10 things you need to know today: February 3, 2017

French soldier shoots machete-wielding man at the Louvre, Trump expected to hit Iran with new sanctions, and more

Police patrol near the Louvre museum in Paris
(Image credit: ERIC FEFERBERG/AFP/Getty Images)

1. Machete-wielding man shot by soldier near Paris' Louvre museum

A French soldier shot and wounded a man carrying a machete and shouting "Allahu akbar" ("God is great" in Arabic) at the entrance to a shopping area at the Louvre museum in Paris, police said Friday. The soldier fired five shots, seriously wounding the suspect in the abdomen. Michel Cadot, head of the French capital's police, said the armed man was "clearly aggressive and represented a direct threat," and Prime Minister Bernard Cazeneuve said shooting the man averted an attack that was "terrorist in nature." France has been under a state of emergency since the 2015 Paris attacks, which killed 130 people.

NBC News BBC News

2. Trump expected to hit Iran with new sanctions over missile test

The Trump administration is expected to impose new sanctions on Iran as early as Friday in response to Tehran's recent ballistic missile test, as well as its alleged ongoing sponsoring of terrorism, according to two people with knowledge of the plan. National Security Adviser Michael Flynn said Wednesday that Iran was defying a United Nations Security Council resolution prohibiting it from launching any missile capable of carrying a nuclear weapon. The resolution was passed after Tehran struck an international deal to rein in its nuclear program. Up to 17 entities linked to Iran's missile program could be hit with sanctions.

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3. Trump takes harder line on Israeli settlements

The Trump administration gently warned Israel to end a burst of construction of settlement housing in Palestinian territories, saying it "may not be helpful" in achieving Middle East peace. President Trump doesn't "believe the existence of settlements is an impediment to peace," White House Press Secretary Sean Spicer said, but "the construction of new settlements or the expansion of existing settlements beyond their current borders" could become an obstacle to Trump's goal of working toward a peace plan. The statement marked a shift for Trump, who has accused former President Barack Obama of being weak in his support for Israel and whose aides have made statements supporting settlements. Since Trump's inauguration, Israel has announced plans to build 5,500 new housing units in occupied Palestinian territory.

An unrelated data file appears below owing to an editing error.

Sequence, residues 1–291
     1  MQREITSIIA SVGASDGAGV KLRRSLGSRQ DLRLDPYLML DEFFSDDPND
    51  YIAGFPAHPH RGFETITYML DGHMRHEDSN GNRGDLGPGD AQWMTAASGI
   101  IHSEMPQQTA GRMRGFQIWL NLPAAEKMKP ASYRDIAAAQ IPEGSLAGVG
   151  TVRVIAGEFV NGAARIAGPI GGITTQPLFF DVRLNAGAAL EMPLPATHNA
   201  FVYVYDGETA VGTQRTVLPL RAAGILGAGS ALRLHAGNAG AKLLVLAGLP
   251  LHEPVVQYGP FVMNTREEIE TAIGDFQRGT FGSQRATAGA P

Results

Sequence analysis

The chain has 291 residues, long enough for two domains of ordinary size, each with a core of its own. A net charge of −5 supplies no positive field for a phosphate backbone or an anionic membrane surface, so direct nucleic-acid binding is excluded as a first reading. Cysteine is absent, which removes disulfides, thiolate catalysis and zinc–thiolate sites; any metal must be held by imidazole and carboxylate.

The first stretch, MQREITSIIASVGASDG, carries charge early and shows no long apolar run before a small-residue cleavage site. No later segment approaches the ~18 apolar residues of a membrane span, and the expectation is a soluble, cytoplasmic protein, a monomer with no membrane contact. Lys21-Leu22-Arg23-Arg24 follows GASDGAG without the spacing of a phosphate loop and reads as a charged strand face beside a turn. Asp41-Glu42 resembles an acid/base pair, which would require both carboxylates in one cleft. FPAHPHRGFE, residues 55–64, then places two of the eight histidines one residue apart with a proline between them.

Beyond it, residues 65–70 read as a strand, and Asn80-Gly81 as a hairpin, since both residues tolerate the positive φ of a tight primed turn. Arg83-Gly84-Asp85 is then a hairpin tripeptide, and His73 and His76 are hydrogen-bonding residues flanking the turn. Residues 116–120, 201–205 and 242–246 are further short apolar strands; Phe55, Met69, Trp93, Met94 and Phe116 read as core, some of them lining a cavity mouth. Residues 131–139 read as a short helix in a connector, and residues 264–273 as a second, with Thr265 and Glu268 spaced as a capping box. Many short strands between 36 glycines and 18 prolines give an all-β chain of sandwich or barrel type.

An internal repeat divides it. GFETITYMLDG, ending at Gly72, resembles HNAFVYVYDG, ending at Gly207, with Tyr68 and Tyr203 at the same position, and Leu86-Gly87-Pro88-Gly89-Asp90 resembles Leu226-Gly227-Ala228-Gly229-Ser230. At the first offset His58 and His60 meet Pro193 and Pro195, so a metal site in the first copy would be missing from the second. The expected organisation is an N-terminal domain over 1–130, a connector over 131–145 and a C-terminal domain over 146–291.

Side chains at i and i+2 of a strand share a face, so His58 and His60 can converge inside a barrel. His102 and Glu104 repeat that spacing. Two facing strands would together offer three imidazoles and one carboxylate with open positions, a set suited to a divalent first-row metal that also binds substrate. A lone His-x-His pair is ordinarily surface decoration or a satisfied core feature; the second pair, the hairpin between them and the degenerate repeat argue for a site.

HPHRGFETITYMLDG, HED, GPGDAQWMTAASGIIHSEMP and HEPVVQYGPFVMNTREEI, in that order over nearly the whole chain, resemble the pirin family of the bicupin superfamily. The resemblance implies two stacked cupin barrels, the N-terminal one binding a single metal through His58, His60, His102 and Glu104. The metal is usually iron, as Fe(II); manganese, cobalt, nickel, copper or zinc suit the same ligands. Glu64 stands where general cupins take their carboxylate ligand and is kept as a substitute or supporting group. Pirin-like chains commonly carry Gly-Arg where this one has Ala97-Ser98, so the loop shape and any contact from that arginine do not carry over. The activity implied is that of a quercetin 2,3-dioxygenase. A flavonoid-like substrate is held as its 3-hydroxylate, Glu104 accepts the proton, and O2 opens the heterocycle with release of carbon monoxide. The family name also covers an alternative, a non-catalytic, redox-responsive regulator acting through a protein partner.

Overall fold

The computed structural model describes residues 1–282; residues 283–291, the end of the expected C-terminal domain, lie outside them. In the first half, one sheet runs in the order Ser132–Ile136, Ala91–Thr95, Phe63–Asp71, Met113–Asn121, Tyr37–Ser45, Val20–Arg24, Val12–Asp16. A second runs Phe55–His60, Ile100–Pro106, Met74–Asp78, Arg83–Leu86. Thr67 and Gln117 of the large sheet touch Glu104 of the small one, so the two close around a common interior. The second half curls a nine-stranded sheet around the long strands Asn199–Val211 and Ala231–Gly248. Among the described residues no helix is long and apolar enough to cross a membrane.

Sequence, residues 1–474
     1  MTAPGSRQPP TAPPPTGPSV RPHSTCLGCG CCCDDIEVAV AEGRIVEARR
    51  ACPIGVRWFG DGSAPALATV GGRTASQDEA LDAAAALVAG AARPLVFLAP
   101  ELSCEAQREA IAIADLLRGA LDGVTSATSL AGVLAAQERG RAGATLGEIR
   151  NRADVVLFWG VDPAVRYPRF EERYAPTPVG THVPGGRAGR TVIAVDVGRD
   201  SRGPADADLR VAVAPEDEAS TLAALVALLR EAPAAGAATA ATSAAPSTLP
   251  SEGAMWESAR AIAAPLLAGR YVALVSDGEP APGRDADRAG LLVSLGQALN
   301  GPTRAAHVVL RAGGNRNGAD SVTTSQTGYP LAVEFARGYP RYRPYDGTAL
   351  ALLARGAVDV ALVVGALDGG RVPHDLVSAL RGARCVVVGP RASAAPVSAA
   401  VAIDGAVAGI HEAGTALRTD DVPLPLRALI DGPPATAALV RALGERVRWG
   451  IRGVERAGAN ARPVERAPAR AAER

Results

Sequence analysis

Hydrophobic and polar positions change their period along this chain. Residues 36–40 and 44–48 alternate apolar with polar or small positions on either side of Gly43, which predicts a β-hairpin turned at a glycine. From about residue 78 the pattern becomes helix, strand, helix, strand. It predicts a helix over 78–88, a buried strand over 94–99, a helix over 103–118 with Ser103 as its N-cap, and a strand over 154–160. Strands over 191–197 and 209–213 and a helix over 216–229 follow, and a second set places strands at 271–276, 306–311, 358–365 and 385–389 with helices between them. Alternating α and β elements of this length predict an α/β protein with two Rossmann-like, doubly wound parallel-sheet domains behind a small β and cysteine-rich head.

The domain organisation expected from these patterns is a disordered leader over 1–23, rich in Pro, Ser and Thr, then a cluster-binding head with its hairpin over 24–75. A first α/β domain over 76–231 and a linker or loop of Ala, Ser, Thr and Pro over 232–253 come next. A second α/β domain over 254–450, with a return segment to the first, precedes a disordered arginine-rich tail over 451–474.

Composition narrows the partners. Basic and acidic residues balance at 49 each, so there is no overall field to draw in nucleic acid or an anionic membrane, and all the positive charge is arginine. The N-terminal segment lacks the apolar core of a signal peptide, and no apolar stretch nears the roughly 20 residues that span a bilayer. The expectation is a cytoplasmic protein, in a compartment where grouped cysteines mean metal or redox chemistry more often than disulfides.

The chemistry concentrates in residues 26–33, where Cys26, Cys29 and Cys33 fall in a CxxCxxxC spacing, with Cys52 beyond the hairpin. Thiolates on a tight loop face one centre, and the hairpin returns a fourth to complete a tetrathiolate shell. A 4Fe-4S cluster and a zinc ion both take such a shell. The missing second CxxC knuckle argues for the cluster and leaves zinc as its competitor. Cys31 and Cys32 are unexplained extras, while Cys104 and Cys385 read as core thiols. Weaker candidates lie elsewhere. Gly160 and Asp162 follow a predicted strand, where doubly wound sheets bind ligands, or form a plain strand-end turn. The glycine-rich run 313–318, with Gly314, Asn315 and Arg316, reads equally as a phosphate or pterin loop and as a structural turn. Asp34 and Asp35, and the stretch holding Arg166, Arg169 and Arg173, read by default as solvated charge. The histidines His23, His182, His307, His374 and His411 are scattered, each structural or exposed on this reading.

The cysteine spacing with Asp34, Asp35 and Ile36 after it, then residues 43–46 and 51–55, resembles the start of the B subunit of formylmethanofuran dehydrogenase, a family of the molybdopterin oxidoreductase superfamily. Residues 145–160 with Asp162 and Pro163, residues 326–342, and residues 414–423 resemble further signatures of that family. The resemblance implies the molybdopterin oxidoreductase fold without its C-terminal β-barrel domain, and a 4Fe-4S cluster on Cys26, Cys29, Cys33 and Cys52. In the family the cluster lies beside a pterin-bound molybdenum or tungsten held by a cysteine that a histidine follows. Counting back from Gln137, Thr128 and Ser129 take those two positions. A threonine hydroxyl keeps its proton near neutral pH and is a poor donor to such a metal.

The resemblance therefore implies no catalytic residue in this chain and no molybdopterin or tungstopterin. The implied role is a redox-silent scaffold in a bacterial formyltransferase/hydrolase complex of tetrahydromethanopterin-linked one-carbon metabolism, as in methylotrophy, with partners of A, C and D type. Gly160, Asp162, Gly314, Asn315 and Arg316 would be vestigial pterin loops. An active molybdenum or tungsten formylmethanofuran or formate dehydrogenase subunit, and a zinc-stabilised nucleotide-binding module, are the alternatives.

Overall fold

The Washington Post

4. Republicans suspend committee rules to advance another Trump nominee

Senate Republicans advanced the confirmation process for President Trump's controversial nominee to head the Environmental Protection Agency, Scott Pruitt, on Thursday. The Senate Environment and Public Works Committee's Republican leaders suspended a rule requiring at least one member from both parties to be present in order to hold a vote, allowing Republicans to vote 11-0 to recommend Pruitt's confirmation despite a boycott by the Democrats on the committee. The nomination now goes to the full Senate, which is expected to confirm Pruitt next week.

The New York Times

5. White House defends Yemen mission as success

White House Press Secretary Sean Spicer said at his Thursday news briefing that a raid on an al Qaeda site in Yemen that resulted in the death of U.S. Navy SEAL Ryan Owens, was a "successful operation by all standards" because of the "totality" of what it accomplished. Spicer, pushing back against reports of inadequate intelligence information for the mission, acknowledged that it was hard to declare any operation a total success if there is a loss of life, but that the intelligence gathered might save lives down the line. The Pentagon said the operation, which targeted al Qaeda in the Arabian Peninsula, killed 14 militants; the U.S. military is investigating how many citizens lost their lives in the attack, as medics on the scene said "about 30 people" died.